CFP for the 2nd Workshop on Managing the Evolution and Preservation of the Data Web, MEPDaW 2016@ESWC2016

**** We apologize if you receive multiple copies of this CFP ****

CALL FOR PAPERS: 2nd Workshop on Managing the Evolution and Preservation of
the Data Web - MEPDaW 2016

Co-⁠located with  13th ESWC 2016,  Heraklion, Crete, Greece

Submission: 4th March
Workshop: 30th May



There is a vast and rapidly increasing quantity of scientific, corporate,
government and crowd-sourced data published on the emerging Data Web. Open
Data are expected to play a catalyst role in the way structured information
is exploited in the large scale. This offers a great potential for building
innovative products and services that create new value from already
collected data. It is expected to foster active citizenship (e.g., around
the topics of journalism, greenhouse gas emissions, food supply-chains,
smart mobility, etc.) and world-wide research according to the “fourth
paradigm of science”. The most noteworthy advantage of the Data Web is
that, rather than documents, facts are recorded, which become the basis for
discovering new knowledge that is not contained in any individual source,
and solving problems that were not originally anticipated. In particular,
Open Data published according to the Linked Data Paradigm are essentially
transforming the Web into a vibrant information ecosystem.

Published datasets are openly available on the Web. A traditional view of
digitally preserving them by “pickling them and locking them away” for
future use, like groceries, would conflict with their evolution. There are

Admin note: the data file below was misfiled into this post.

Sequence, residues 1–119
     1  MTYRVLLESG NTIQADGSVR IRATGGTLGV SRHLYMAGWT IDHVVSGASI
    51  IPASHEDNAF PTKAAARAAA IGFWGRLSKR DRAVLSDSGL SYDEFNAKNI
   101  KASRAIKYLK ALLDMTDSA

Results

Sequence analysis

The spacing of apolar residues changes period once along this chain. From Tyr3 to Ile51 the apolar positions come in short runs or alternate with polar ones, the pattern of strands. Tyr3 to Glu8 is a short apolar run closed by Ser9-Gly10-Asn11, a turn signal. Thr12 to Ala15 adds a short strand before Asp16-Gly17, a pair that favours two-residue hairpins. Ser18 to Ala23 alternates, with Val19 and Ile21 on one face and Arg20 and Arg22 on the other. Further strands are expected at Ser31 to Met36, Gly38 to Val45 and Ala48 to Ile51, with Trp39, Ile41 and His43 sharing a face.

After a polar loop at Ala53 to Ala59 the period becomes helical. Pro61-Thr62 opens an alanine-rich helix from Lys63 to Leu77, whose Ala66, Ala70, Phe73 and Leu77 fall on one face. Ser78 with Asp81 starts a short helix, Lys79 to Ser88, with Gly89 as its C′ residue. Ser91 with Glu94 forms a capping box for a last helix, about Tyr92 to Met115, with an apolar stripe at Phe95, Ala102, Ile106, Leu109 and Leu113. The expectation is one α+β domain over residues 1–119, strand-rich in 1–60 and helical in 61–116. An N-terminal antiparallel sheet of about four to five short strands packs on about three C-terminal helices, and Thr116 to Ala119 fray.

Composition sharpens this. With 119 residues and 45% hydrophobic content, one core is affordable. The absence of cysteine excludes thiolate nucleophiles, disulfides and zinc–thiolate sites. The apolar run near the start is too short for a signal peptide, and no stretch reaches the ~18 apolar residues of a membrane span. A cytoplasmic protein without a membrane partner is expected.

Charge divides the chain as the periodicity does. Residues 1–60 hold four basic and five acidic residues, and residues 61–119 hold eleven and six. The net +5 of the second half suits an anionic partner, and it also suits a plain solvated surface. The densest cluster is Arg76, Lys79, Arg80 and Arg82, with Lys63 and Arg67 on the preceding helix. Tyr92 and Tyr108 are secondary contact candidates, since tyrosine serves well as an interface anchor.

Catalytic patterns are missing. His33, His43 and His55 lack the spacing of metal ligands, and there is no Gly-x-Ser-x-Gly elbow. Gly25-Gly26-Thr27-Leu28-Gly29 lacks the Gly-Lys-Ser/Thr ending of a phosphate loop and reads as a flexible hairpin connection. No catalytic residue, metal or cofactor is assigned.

a number of approaches and frameworks, such as the LOD2 stack, that manage
a full life-cycle of the Data Web. More specifically, these techniques are
expected to tackle major issues such as the synchronisation problem (how
can we monitor changes), the curation problem (how can data imperfections
be repaired), the appraisal problem (how can we assess the quality of a
dataset), the citation problem (how can we cite a particular version of a
linked dataset), the archiving problem (how can we retrieve the most recent
or a particular version of a dataset), and the sustainability problem (how
can we spread preservation ensuring long-term access).

Preserving linked open datasets poses a number of challenges, mainly
related to the nature of the LOD principles and the RDF data model. In LOD,
datasets representing real-world entities are structured; thus, when
managing and representing facts we need to take into consideration possible
constraints that may hold. Since resources might be interlinked, effective
citation measures are required to be in place to enable, for example, the
ranking of datasets according to their measured quality. Another challenge
is to determine the consequences that changes to one LOD dataset may have
to other datasets linked to it. The distributed nature of LOD datasets
furthermore makes archiving a headache.


-⁠ Submission: Friday 4th March
-⁠ Notification: Friday 1st April
-⁠ Final version: Friday 15th April
-⁠ Workshop: 30th May

== TOPICS ==

-⁠ Change Discovery

 * Change detection and computation in data and/⁠or vocabularies
 * Change traceability
 * Change notifications (e.g., PubSubHubPub, DSNotify, SPARQL Push)